Eventually at 8pm, eight hours after my care coordinator had left, I managed to phone the out of hours team to find out what was going on and I was informed that the MHA assessment was booked for 10am the following morning. With this information I believed I had the time needed to end my life and took most of the tablets in my bedside drawer. A mixed overdose of about 8 drugs but including tricyclic drugs I’d previously stored at a time I was prescribed them. 

I lay on the bed fully clothed in clothes I’d been in 24/7 for several days. I didn’t expect to wake up. I remember nothing from that moment to waking on a ward in the medical hospital. 

It transpired that the 2 doctors and AMHP had arrived and not being able to obtain entry asked a neighbour (who has been nasty to me since I moved here so I avoid him) to climb in my bedroom windows and let them in. They couldn’t rouse me so I was taken to hospital where I woke later. It was a couple of months before discovering my neighbour had been in my bedroom and was aware as he gleefully told my daughter about it. 

What happened after…

So the MHA assessment took place in the medical hospital at 2am the morning after I was found and I was detained under section 2. I remained in this hospital for a further 36 hours as there were no beds. My bed was an observation bay right by the nurses station, the lights were on full there all night but I wasn’t allowed to draw the curtains for shade so I could sleep so I didn’t manage to sleep at all in that light.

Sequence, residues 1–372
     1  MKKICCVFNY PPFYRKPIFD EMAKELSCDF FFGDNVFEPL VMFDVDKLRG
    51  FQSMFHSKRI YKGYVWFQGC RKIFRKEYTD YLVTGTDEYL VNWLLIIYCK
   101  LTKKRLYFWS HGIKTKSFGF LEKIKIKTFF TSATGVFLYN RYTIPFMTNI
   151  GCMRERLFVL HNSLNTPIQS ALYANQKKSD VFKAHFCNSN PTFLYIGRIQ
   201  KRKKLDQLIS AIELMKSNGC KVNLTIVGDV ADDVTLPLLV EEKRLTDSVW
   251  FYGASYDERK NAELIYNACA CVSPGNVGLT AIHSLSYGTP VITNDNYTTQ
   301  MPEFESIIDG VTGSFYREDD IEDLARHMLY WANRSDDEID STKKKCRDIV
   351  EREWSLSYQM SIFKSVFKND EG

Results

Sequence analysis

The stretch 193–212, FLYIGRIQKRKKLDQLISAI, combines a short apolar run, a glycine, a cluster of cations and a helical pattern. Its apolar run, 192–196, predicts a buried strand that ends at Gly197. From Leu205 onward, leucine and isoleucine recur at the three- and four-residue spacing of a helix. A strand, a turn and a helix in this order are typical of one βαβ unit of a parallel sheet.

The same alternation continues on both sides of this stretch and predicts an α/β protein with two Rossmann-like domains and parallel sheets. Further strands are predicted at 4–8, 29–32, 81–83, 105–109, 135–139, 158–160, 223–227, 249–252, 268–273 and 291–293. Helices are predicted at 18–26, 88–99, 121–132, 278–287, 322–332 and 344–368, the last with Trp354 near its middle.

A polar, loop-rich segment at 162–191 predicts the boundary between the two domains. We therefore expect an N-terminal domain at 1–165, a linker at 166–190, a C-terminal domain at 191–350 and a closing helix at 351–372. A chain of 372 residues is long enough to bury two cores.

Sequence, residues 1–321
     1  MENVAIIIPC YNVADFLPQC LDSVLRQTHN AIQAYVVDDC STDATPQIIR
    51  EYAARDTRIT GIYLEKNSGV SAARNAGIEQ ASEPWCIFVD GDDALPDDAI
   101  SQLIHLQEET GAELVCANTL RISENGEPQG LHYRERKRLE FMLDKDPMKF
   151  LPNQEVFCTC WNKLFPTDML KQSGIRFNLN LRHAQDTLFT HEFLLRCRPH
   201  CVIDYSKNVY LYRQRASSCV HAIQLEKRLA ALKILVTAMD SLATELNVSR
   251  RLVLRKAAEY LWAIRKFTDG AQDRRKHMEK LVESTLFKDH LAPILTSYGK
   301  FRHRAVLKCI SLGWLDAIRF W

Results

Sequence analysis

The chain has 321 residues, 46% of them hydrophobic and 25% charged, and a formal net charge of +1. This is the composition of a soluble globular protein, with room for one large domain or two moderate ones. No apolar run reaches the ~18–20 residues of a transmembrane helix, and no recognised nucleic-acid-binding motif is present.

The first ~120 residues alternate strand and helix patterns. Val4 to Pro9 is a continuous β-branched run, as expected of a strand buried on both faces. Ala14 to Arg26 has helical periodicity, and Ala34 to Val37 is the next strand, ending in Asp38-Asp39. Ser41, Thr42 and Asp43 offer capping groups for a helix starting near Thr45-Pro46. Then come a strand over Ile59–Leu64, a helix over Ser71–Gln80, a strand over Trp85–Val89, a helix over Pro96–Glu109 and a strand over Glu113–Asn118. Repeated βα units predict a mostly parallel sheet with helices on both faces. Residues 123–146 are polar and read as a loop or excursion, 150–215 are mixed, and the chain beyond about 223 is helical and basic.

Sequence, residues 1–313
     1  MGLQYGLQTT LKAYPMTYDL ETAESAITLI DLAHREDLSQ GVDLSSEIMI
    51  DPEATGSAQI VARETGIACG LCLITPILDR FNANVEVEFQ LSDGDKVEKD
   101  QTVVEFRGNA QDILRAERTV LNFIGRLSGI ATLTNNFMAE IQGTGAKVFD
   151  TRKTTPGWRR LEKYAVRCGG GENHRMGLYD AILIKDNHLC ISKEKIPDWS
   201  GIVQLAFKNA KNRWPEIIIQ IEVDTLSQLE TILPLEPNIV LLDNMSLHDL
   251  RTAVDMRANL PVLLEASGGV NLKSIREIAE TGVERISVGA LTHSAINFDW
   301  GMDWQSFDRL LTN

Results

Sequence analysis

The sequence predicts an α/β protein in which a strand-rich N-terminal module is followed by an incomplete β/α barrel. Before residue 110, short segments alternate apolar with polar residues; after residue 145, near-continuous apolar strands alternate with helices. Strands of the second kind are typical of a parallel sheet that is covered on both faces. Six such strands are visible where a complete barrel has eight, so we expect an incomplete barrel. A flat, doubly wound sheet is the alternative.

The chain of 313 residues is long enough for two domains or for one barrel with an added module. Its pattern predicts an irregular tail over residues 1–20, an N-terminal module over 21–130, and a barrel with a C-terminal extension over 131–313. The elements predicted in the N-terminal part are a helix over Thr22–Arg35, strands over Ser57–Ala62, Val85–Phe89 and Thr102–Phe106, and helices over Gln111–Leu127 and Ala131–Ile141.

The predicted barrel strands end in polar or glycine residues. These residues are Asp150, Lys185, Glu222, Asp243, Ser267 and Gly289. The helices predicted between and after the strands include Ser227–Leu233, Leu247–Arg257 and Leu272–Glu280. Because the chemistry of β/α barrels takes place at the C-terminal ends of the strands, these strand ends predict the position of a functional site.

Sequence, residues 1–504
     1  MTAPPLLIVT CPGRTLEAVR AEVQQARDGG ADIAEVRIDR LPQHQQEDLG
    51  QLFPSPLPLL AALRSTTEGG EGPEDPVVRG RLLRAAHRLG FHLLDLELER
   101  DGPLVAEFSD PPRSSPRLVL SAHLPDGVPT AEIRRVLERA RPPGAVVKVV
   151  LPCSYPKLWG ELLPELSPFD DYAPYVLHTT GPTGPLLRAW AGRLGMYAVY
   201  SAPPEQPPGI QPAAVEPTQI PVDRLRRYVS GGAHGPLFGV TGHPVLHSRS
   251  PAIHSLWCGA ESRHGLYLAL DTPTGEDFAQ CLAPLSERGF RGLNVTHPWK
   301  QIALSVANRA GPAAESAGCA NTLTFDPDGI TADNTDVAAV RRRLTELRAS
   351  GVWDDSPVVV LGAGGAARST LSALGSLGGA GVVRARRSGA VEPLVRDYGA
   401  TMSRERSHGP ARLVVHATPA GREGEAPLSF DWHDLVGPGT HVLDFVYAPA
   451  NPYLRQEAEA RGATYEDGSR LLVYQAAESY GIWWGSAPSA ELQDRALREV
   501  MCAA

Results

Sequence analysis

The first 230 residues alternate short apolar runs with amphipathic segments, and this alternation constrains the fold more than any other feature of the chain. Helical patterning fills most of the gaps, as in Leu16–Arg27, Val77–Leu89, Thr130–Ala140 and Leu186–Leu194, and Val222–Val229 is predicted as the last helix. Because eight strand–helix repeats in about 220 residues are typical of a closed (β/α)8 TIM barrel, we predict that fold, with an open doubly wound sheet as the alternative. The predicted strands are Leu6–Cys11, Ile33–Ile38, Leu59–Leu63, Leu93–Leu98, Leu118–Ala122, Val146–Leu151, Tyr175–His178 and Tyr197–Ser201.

I was then transferred to the psychiatric hospital acute ward and shown my room. There I stayed in bed, still fully clothed completely covered in a sheet apart from loo trips for over a week. I cried the whole time and if I slept during the night I don’t remember it. I was aware of every hourly check from staff looking through the bedroom door all day and all night. 

Once or twice people put a plate of food on the bedside table and left it there but the food was all my fear foods as was everything in the canteen so I ate practically nothing during my whole stay. 

After a week and a bit I asked whether it would be possible to be taken home to collect some clothes as I’d been wearing the outfit I’d been detained in day and night since. I asked every day but was told there were no available staff to do so. On day 12 I went to the ward manager’s office and said how long I’d been in my clothes and how I needed things from home. Within an hour a member of staff took me and I collected night clothes, another outfit and toiletries. After this time I started to go into the lounge occasionally but was frightened of 3 ladies on the ward, 2 of which had major anger problems and 1 was extremely unwell and very unpredictable.

One of the ladies with anger issues later told me she didn’t want to be discharged as her partner was violent and she had nowhere else to live so every time discharge was talked about, she’d deliberately kick off meaning her discharge was delayed. She assured me she’d be there months. 

The canteen was terrifying for me. I’m frightened of men and the dining room was shared with the male ward. Many of the men behaved badly making obscene suggestions as well as throwing chairs etc. 

There was no food I could eat anyway so sometimes I’d grab a banana from the fruit bowl and immediately go back to the ladies ward. This satisfied the staff I was eating and the staff in the dining room could tick me off their list. Sometimes I’d take a bite of the banana but usually didn’t and would bury it under paper towels in the bin back on the ward.